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- Predictors of Seizure Recurrence
Purpose: To investigate the longitudinal seizure outcome and identify potential prognostic indicators following posterior cortex epilepsy (PCE) surgery.
Methods: We reviewed patients who underwent a parietal, occipital, or parietooccipital resections between 1994 and 2006, using survival analysis and multivariate regression with Cox proportional hazard modeling. A favorable outcome was defined as Engel Class I at last follow-up.
Results: Fifty-seven patients were identified with a mean follow-up of 3.3 years (range 1–12 years). The estimated chance of seizure freedom (SF) was 73.1% at 6 postoperative months, 68.5% at 1 year, 65.8% at between 2 and 5 years, and 54.8% at 6 years and beyond. Most recurrences (75%) occurred within the first 6 postoperative months. Parietal resections had a worse outcome than occipital or parietooccipital resections (52% SF vs. 89% and 93%, respectively, at 5 years). Independent predictors of recurrence included an epilepsy etiology other than tumor or dysplasia [risk ratio (RR) 2.29], limiting resection to a lesionectomy (RR 2.10), having ipsilateral temporal spiking on preoperative scalp electroencephalography (EEG) (RR 2.06), or any ipsilateral spiking on postoperative EEG (RR 2.70) (Log likelihood-ratio test p < 0.0001). Only 40–50% of patients with a poor outcome predictor were SF at 5 postoperative years as opposed to about 80% otherwise. In surgical failures, recurrent seizure frequency was related directly to baseline seizure frequency and to the presence of ipsilateral spiking on postoperative EEG.
Discussion: These data highlight favorable long-term outcomes following PCE surgery. Limited surgical resection and diffuse baseline epileptogenicity may be important predictors of seizure recurrence.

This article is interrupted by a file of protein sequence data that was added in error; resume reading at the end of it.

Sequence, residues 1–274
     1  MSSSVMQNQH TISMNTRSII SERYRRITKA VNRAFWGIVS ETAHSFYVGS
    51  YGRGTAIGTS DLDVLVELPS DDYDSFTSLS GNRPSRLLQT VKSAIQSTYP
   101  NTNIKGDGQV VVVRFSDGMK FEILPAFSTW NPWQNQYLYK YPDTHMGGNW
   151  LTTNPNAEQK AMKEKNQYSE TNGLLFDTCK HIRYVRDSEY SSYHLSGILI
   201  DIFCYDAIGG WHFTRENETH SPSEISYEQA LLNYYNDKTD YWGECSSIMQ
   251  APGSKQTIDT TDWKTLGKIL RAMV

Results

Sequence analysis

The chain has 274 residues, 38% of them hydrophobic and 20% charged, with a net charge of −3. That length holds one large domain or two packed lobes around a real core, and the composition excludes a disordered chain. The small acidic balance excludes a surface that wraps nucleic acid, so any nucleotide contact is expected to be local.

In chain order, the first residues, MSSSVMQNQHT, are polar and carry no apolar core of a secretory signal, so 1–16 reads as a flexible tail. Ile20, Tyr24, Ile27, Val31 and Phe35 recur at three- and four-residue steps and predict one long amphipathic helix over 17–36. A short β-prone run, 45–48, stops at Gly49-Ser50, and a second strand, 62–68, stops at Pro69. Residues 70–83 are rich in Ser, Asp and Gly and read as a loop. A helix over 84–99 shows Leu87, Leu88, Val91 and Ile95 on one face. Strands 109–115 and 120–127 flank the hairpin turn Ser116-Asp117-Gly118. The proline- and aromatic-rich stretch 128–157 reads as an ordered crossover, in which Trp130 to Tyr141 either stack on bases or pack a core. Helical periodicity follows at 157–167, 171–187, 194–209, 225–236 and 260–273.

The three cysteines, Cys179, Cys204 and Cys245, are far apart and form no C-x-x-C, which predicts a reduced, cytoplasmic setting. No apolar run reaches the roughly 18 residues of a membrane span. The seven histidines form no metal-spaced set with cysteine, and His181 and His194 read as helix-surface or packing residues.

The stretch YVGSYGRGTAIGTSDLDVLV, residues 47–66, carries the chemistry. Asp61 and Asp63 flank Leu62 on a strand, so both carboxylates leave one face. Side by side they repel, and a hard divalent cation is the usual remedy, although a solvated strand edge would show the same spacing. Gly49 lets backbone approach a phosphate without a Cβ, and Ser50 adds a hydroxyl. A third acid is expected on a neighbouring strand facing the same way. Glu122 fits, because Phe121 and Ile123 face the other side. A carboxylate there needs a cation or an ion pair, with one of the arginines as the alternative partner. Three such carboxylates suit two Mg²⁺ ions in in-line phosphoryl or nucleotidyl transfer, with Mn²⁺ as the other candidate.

Despite major advances in diagnostic and surgical techniques, parietooccipital resections still represent <10% of all epilepsy surgeries (Barba et al., 2005; Blume et al., 2005; Dalmagro et al., 2005). Reported success rates vary from 25–90% (Blume et al., 1991; Salanova et al., 1992, 1995a,b; Williamson et al., 1992a,b; Cascino et al., 1993; Aykut-Bingol et al., 1998; Bautista et al., 1999; Boesebeck et al., 2002; Barba et al., 2005), leaving this patient category in an undefined “outcome group” between the traditionally considered more “favorable” prospects of anterior temporal lobectomy (Yoon et al., 2003; McIntosh et al., 2004; Jeha et al., 2006) and the frontal lobe surgeries with a relatively poor prognosis (Janszky et al., 2000; Jeha et al., 2007).
Many prior studies were descriptive, reporting on rates of seizure freedom (SF) following parietal (Williamson et al., 1992a; Cascino et al., 1993; Salanova et al., 1995a, 1995b) or occipital lobe resections (Williamson et al., 1992b; Kuzniecky et al., 1997) without identifying specific prognostic outcome indicators. Considering well-described difficulties in drawing anatomic and neurophysiologic distinctions between the occipital and parietal lobes (Sveinbjornsdottir & Duncan, 1993), other studies analyzed a single group of “posterior cortex” surgery limiting the ability to distinguish variations in surgical outcome and its predictors in cases with well-defined pathology in either lobe (Bautista et al., 1999; Boesebeck et al., 2002; Dalmagro et al., 2005). All previous reports were cross-sectional. Therefore, none evaluated longitudinal aspects of recurrence, or investigated potential prognostic predictors using modern statistical techniques designed for time-dependent outcomes.
Our goal is to describe the long-term seizure outcome and its predictors following parietal, occipital, and multilobar resections in the posterior cortex. We use the statistical methods of survival analysis and proportional hazard modeling to evaluate rate, stability, and predictors of SF while accounting for variation in the duration of follow-up among patients. In addition, we will briefly address the issue of postoperative complications.